Station:  Supplies
M: Although the records remain silent on the subject, you can easily imagine it: there must have been a persistent aroma of freshly baked bread in the streets of Ludwigsburg.
F: After all, the garrison demolished up to four metric tons of bread a day! To be able to produce that enormous quantity, there were specialist military bakers. They practised their craft at the Proviantamt – the commissariat – which was fittingly nicknamed the “bakery barracks”.
M: In the display case, you can see a small-scale field bakery oven being drawn by a team of horses. It’s actually a toy that was made some time between 1910 and 1914. Ovens like these were used in the event of mobilisation. Each army corps had two bakery columns. Each of the columns was equipped with twelve mobile field ovens. The flue was folded down for transport.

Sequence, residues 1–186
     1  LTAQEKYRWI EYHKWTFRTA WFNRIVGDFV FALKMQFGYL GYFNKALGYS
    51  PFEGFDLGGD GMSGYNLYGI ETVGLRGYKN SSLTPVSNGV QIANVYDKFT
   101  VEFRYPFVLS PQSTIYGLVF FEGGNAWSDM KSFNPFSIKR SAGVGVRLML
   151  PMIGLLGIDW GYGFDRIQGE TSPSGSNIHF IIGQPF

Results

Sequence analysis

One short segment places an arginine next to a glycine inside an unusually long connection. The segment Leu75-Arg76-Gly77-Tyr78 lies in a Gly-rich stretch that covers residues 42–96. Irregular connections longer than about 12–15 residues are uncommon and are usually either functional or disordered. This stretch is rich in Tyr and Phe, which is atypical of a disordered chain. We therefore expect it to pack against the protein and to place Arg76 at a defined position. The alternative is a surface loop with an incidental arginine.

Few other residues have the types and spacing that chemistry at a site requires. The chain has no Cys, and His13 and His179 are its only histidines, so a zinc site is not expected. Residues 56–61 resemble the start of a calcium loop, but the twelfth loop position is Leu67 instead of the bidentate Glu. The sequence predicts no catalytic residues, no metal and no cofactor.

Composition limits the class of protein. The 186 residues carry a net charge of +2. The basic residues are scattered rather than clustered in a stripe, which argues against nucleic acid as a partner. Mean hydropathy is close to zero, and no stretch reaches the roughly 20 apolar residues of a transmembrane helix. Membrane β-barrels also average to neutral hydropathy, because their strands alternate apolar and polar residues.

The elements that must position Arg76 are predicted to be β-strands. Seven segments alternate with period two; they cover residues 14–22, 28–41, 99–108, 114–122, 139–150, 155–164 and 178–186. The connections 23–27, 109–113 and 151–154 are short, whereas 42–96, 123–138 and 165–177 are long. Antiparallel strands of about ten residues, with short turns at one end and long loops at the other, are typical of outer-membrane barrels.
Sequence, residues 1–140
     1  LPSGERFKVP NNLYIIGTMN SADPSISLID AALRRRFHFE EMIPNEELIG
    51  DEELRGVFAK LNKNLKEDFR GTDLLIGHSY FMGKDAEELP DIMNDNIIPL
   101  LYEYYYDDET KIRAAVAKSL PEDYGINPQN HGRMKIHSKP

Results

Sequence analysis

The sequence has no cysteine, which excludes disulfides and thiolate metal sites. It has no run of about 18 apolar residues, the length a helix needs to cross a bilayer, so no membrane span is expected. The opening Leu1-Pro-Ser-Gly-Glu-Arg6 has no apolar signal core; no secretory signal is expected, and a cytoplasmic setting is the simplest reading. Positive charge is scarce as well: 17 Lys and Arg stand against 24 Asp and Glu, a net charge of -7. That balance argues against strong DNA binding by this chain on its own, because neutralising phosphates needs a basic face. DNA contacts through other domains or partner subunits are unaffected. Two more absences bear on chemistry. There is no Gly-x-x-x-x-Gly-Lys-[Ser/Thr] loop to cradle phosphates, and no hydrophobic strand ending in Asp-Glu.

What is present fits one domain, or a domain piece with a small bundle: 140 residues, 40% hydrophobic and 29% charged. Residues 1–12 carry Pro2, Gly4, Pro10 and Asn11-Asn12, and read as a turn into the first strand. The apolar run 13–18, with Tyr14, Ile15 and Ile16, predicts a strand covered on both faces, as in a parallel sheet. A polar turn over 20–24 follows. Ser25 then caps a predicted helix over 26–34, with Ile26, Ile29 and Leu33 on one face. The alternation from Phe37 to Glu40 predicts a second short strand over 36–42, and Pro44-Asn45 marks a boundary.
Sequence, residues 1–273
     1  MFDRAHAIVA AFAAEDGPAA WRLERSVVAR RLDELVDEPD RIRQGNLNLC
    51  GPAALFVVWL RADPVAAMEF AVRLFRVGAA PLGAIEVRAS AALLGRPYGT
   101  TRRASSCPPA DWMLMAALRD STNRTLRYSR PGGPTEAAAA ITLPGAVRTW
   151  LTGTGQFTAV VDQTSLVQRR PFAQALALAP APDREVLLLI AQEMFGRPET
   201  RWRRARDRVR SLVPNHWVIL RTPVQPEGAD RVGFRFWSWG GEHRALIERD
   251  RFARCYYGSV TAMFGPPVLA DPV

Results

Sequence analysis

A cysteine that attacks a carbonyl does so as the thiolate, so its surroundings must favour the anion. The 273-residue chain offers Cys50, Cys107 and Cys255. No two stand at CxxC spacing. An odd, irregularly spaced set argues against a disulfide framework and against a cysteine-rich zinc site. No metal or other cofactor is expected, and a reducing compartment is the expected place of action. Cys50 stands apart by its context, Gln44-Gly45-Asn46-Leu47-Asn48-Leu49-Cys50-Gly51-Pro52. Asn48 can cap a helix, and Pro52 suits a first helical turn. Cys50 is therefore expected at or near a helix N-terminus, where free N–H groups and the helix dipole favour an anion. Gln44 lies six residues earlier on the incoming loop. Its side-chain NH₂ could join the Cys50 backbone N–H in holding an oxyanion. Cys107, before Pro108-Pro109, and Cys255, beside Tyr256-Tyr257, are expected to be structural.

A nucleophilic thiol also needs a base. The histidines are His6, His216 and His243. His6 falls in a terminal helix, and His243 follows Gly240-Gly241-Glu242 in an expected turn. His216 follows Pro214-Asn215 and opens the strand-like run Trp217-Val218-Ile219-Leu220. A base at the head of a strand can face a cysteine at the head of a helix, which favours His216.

F: In terms of organisation, the bakers came under the commissariat. But militarily, they were part of the train battalion. Hence the number 13 embroidered on the epaulettes.
M: The bakers had their hands full. Every four days, each soldier was issued with three kilogrammes of bread – equivalent to six pounds nine ounces. In Württemberg, the commissary bread was made from one third rye and two thirds wheat flour. That made for much tastier and more digestible rations than the bread issued to the Prussian military. Their bread was made from 100 per cent rye flour.
Foto: © Garnisonsmuseum Ludwigsburg